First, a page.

Missouri, last state without Congressional maps, still trying

(The Center Square) – The only state in the nation without a new Congressional district map is days away from failing to fulfill its constitutional duty, but the Missouri legislature is still trying.

House Bill 2909 passed 114-34 on Tuesday, but Representatives on both sides of the aisle weren’t satisfied. Several said the latest map was inferior to the first map sent to the Senate, House Bill 2117, in late January. The Senate spent February, March and April filibustering, debating and amending the map. Both chambers declined to recede their positions and refused to grant a conference committee.

“That ship has sailed,” Dan Shaul, R-Imperial, said about the bill. “I would love to see it come back to port and deliver the goods, but my job right now as chairman is to get something that we can get to the governor’s desk.”

Representatives complained about the treatment of two Websters—Webster County and Webster Groves, a St. Louis suburb. Both areas are split between two districts.

Rep. Curtis Trent, R-Springfield in Greene County, said neighboring Webster County shouldn’t be split into two districts and expressed dissatisfaction with the process.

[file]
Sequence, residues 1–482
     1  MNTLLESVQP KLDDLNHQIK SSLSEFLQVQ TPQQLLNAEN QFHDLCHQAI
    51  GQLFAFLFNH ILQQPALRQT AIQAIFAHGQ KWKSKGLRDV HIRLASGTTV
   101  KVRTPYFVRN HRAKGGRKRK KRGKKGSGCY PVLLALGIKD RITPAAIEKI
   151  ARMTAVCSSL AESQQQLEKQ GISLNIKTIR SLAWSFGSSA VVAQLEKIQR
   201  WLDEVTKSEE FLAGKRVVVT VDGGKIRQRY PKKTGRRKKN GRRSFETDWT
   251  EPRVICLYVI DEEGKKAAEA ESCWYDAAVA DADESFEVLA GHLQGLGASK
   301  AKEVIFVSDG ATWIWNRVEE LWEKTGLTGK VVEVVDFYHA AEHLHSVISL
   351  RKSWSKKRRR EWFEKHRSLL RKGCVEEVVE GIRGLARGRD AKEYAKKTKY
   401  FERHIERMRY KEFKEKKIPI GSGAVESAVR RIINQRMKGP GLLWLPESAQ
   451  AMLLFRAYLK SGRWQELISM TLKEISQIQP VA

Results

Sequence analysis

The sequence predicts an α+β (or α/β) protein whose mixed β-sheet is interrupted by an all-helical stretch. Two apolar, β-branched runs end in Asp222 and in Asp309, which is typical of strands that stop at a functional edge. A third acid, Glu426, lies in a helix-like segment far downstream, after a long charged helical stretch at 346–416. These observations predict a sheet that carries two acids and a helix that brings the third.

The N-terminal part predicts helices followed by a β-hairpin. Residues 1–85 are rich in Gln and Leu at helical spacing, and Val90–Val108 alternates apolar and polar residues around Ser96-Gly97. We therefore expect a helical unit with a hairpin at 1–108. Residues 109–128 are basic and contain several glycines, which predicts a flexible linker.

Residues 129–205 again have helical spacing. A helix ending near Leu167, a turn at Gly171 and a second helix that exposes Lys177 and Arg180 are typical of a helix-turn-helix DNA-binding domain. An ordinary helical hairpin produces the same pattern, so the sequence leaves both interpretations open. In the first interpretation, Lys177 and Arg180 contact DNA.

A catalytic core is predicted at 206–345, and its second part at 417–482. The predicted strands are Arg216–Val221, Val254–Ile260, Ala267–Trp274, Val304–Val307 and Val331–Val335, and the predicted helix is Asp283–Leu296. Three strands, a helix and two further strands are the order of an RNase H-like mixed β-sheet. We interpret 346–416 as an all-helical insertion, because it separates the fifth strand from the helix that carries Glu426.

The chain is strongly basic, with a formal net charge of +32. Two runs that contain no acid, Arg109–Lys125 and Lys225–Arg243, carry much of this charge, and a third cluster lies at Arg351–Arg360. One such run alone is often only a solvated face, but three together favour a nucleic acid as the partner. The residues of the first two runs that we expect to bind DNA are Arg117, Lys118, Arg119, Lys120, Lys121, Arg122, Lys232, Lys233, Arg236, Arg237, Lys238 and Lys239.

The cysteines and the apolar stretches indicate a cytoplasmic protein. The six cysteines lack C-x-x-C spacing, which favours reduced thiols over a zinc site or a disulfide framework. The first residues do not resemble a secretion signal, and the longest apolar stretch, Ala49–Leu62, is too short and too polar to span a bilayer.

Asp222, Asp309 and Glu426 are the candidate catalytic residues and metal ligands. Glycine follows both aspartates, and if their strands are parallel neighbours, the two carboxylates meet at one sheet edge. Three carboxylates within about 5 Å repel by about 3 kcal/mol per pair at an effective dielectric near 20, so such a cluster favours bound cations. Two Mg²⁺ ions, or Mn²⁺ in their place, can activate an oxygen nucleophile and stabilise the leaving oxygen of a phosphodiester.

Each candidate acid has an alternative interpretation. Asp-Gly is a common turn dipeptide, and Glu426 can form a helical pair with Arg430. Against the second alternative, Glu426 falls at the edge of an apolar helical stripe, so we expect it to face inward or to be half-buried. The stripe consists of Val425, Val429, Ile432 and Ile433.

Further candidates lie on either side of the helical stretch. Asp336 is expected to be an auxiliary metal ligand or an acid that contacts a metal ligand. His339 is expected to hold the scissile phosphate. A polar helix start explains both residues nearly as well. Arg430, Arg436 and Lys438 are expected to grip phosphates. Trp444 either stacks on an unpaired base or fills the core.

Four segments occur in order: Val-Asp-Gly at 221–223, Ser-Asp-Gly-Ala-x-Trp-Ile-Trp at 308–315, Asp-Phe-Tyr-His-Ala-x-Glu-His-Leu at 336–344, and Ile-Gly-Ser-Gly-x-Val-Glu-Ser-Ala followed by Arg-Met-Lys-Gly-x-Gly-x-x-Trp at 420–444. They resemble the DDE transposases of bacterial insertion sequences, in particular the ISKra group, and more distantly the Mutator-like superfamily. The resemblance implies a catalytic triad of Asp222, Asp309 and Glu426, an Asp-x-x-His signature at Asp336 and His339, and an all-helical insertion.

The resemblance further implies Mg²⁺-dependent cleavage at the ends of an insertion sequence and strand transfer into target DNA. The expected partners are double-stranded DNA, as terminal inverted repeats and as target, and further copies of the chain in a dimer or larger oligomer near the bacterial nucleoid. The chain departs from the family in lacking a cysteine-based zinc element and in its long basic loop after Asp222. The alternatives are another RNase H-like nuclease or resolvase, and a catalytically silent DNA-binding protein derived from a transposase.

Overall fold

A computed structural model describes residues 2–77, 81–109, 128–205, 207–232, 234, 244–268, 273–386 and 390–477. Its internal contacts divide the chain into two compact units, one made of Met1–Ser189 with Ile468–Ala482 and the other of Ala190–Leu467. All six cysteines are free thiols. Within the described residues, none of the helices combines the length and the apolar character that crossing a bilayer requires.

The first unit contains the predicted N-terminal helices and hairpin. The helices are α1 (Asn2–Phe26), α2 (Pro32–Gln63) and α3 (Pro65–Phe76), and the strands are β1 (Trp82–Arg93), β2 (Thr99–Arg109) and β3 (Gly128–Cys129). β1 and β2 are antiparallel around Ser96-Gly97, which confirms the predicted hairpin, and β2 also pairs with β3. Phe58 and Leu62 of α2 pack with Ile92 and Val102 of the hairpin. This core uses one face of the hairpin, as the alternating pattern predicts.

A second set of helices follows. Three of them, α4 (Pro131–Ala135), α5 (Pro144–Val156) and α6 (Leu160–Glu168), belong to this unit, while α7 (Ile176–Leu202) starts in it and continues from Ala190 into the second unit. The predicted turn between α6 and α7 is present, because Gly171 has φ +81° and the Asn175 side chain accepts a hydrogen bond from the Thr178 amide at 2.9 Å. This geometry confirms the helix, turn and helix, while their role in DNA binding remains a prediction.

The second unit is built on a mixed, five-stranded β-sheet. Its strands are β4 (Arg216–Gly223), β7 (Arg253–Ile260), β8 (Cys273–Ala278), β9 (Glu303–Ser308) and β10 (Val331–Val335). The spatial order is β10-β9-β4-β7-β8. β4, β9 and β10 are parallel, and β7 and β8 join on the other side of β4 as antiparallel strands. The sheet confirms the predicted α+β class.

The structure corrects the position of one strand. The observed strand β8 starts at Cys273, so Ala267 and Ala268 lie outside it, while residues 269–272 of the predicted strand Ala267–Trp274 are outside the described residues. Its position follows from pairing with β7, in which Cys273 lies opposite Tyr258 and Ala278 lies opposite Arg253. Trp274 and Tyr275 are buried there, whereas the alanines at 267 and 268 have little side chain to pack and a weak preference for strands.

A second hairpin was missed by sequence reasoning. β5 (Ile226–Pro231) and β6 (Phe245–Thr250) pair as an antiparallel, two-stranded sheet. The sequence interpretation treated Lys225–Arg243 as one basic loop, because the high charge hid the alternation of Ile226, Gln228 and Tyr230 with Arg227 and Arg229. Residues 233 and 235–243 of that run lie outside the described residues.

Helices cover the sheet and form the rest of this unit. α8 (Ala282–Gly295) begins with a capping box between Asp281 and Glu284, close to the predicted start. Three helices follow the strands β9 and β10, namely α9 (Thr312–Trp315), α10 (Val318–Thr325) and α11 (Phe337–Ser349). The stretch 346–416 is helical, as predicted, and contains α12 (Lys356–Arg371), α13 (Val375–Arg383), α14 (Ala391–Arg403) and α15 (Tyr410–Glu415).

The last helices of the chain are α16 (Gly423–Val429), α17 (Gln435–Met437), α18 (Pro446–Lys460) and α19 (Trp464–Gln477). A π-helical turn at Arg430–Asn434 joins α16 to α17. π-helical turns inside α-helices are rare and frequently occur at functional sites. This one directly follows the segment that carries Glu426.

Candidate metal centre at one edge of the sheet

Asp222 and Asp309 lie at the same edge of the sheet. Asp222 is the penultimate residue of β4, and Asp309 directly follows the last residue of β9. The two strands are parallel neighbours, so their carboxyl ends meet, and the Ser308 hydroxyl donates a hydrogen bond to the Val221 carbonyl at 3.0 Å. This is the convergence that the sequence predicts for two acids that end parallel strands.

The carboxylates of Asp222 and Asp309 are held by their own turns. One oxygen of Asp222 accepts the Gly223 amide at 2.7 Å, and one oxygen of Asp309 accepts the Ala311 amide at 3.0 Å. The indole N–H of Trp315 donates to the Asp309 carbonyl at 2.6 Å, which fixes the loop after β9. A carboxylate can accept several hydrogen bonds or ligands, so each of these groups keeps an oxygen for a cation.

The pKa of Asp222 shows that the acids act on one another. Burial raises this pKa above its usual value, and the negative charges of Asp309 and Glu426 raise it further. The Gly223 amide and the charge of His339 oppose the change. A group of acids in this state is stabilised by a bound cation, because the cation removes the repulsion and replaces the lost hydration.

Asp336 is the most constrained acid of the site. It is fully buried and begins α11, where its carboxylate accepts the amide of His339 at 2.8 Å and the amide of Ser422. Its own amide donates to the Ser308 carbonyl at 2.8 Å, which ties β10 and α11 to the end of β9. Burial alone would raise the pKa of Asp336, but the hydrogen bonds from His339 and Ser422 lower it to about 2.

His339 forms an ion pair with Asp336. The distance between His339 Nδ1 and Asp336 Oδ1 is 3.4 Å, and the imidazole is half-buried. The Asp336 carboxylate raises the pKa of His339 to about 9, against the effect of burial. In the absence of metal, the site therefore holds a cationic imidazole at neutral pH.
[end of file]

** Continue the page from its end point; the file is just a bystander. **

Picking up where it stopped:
“I’ve observed counties where it makes no sense to divide be divided,” Trent said. “I’ve observed counties that should have been split kept whole. I’ve observed population centers important to people with control over the process be protected and placed into specific districts. And most indignant, most loathsome, I’ve observed individual people who have been targeted.”

The entire process was delayed as the pandemic slowed the delivery of U.S. Census information to the Legislature. Rep. Peggy McGaugh, R-Carrollton, who served 32 years as Carroll County Clerk, reminded members of the time needed to prepare for the August primary election. If a map is approved on Friday, election authorities will have six to seven working days to move voters into new Congressional districts. Absentee voting for overseas and military must be ready by June 17, leaving little time to thoroughly check the changes.

“Here’s a great analogy: It’s like building a house that’s never inspected and you think, hopefully, everything is built right,” McGaugh said. “But usually it’s too late once you find out.”

McGaugh said voting system restrictions wouldn’t allow registered voters to be moved, if necessary, out of their Congressional districts after May 25, and there’s a possibility voters will be issued an incorrect ballot.

“If that takes place, it will undoubtedly add to the election mistrust narrative if it is determined, in a close Congressional race, that voters were not voting for their members of Congress,” McGaugh said.

Featured photo courtesy of House photographer Tim Bommel

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